Immediate emancipation would involve these slaves in the keenest misery unless they were provided with means of support far beyond the resources of their owners and the abolitionists combined. Humanity would recoil with horror at the practical workings of the proposed abolition system. It was originated in Europe for the express purpose of destroying our Union. Its paternity is illegitimate-its object our ruin-its tendency chaotic. Its tare seeds were first sown broadcast in our country by Thompson-a hired emissary from Great Britain who is now in our midst a second time on the same demoniac mission. His breath is pestilence-his pathway is marked with the fomenting scum of a meddlesome demagogue. In addition to his salary paid by England he is filling his pockets from the hard earnings of our people whom he blinds to destroy. The Syracuse Journal states that after the meeting this member of the British Parliament addressed at that place a short time since had passed resolutions against the Union the remainder of the time was consumed in receiving subscriptions to support Mr. Thompson in his anti-slavery itineracy. Thus the anti-slavery agitators are obliged to call in paid British assistance to help them break up the Union.” At the same meeting this vile emissary made this startling assertion in substance-You have not famine and pestilence but what is worse you are cursed with 30,000 recreant priests. No American would be permitted to pursue this course in Europe a moment. If we tolerate such foreign interference we are unworthy of FREEDOM. When I speak of abolition I refer to ultra political abolition-that which tramples upon our Constitution as an unholy thing and would rejoice at the dissolution of our Union and urge the slaves on to murder. I have no sympathy for ultraism in any section or in any cause.

We must look at slavery as it exists in our country. Time has planted it too deeply to be eradicated by the caustic of abolition. Fine spun arguments upon the Declaration of Rights-the Federal Constitution-the Missouri Compromise-free soil and philanthropy cannot remove it. The question is local and belongs exclusively to the slave States. As well may the south interfere with the internal policy of the north as for us to dictate to the high minded slave owners who might have been gained by the talismanic power of love-never by threats or coercion. As a whole, a more humane, noble, generous people never came from the clean hands of the Creator. They can be led by a single hair of kindness-fanatical power may crush but can never drive them. But for the unfortunate issue of abolition raised by the foreign emissary alluded to-gradual emancipation would long before this have been on the flood tide of progress in several of the slave States. I write from the record. A violation of the eleventh commandment has added greatly to the perpetuity of slavery in our country.

For these reasons and others I would name if space permitted, I verily believe the abolition issue fraught with more danger to our Independence than any that has yet been conceived and promulged by the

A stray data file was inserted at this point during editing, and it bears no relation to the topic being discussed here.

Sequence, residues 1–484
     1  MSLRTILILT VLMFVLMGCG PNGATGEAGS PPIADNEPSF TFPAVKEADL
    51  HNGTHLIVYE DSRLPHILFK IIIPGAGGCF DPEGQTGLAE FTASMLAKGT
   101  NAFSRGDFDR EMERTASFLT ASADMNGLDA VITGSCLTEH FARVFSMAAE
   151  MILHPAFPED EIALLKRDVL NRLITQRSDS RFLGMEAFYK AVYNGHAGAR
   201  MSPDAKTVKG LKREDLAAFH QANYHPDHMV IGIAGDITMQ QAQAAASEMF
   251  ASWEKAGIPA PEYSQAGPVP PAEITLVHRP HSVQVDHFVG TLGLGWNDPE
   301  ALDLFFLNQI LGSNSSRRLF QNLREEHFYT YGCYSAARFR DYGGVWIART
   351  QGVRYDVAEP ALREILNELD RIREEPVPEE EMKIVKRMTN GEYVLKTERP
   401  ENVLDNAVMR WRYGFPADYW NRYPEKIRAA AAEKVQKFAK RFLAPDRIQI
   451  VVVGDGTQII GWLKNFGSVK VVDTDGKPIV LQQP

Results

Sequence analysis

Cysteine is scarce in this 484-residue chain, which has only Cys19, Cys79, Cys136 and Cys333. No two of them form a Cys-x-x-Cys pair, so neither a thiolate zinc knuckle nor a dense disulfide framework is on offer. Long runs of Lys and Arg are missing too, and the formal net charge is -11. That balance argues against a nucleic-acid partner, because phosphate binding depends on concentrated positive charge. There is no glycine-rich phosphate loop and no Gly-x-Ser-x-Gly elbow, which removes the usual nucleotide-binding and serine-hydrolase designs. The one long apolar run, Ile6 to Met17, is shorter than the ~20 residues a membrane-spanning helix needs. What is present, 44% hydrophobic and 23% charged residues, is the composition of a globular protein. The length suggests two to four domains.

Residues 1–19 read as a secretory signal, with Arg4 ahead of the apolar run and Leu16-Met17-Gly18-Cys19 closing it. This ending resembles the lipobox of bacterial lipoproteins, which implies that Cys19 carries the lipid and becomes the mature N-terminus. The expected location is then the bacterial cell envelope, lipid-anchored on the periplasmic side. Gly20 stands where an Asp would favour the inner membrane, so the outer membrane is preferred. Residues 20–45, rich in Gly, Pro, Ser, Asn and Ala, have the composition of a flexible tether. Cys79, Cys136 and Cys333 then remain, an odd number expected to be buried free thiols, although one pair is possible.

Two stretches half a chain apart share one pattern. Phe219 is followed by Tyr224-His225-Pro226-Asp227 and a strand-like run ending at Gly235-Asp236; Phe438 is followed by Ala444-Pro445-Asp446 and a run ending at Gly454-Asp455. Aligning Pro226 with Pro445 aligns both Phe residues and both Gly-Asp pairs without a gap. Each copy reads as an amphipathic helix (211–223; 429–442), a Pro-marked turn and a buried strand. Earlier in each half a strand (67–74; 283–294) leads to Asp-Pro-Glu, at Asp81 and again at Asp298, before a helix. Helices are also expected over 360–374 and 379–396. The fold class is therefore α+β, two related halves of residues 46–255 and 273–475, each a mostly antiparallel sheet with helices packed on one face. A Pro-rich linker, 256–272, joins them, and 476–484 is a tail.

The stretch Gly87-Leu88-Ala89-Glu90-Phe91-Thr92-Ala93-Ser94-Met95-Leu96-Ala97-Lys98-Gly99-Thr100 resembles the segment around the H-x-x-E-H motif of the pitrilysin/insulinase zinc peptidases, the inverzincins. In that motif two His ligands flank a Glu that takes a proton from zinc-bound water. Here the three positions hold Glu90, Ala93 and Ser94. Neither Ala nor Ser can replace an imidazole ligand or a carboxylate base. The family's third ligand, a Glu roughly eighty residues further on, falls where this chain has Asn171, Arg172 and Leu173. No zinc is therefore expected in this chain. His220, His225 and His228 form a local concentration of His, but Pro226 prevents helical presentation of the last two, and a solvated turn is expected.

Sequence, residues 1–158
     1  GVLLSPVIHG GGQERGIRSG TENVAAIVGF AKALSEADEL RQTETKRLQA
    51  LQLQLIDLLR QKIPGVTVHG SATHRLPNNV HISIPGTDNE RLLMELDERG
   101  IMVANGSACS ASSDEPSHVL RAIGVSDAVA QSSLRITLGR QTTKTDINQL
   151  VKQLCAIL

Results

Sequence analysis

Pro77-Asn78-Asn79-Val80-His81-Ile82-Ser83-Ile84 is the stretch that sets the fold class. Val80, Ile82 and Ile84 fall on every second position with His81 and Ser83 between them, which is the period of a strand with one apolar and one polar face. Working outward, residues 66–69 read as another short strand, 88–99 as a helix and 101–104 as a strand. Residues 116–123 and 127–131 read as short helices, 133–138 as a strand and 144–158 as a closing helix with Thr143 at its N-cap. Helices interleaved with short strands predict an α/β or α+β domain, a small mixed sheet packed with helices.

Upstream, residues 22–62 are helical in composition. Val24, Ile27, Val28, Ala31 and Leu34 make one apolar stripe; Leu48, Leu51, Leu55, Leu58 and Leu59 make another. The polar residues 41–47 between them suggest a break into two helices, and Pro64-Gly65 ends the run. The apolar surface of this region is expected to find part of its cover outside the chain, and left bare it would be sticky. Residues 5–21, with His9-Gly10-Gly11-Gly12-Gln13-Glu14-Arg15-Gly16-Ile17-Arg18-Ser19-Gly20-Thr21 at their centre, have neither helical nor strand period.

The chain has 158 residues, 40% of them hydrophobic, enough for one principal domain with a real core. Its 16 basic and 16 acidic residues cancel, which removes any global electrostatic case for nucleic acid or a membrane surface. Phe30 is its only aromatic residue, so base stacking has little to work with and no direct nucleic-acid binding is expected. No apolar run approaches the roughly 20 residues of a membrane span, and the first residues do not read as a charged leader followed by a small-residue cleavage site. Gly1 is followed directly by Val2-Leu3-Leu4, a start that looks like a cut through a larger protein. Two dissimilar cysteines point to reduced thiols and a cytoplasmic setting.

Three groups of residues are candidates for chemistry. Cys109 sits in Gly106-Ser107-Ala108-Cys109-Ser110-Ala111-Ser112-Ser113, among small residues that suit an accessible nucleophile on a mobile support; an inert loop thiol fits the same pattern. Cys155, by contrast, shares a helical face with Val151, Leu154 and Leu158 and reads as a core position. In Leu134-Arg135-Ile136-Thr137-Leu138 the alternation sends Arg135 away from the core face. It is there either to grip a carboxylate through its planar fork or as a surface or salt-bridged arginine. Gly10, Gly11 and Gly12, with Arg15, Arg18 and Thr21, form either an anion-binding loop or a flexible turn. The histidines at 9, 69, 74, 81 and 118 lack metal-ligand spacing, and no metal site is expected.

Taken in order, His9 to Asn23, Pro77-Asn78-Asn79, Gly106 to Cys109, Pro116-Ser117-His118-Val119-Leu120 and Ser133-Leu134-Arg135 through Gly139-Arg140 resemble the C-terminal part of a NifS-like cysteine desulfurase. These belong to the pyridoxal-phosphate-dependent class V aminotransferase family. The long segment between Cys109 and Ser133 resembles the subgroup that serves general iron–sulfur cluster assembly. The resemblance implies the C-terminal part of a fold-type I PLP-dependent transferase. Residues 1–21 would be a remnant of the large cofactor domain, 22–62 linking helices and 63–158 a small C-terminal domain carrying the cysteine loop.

The better condition of these slaves is fully proved by the fact, that the ratio of their increase, within the Inst ten years is 3 to 1 over that of the colored population of the free States.-AUTHOR,

enemies of our Liberty. It is like cutting off the head of a man to cure a cancer on his face.' The preservation of our glorious Union is para·mount to all other considerations which have yet engaged the attention

of our nation. Could the following advice from the Farewell Address of the illustrious Washington be carefully read and implicitly obeyed ipy all in our land-then our FREEDOM would be safe-our UNION preserved.

“ In contemplating the causes which may disturb our Union, it occurs, as a matter of serious concern, that any ground should have been furnished for characterizing parties by geographical discriminationsnorthern and southern-atlantic and western-whence designing men may endeavor to excite a belief that there is a real difference of local interests and views. One of the expedients of party to acquire influence within particular districts, is to misrepresent the opinions and aims of other districts. You cannot shield yourselves too much against the jealousies and heart burnings which spring from these misrepresentations. They tend to render alien to each other those who ought to be bound together by fraternal affection.

“ To the efficacy and permanency of your Union a Government for the whole is indispensible. No alliances, however strict, between the parts can be an adequate substitute. They must inevitably experience the infractions and interruptions which all alliances in all times have experienced. Sensible of this momentous truth, you have improved upon your first essay by the adoption of a Constitution of Government bøtter calculated than your former for an intimate union and for the "efficacious management of your common concerns. This government,

e offspring of our own choice, uninfluenced and unawed, ado ted npon full investigation and mature deliberation, completely free in its

principles, in the distribution of its powers, uniting security with energy and containing within itself a provision for its own amendment, has a just claim to your confidence and your support. Respect for its authority, compliance with its laws, acquiescence in its measures, are duties enjoined by the fundamental maxims of true liberty. The basis of our political systems is the right of the people to make and alter

their constitutions of government. But the constitution which at any time exists, till changed by an explicit and authentic act of the whole people, is sacredly obligatory upon all. The very idea of the power and the right of the people to establish government presupposes the duty of every individual to obey the established government.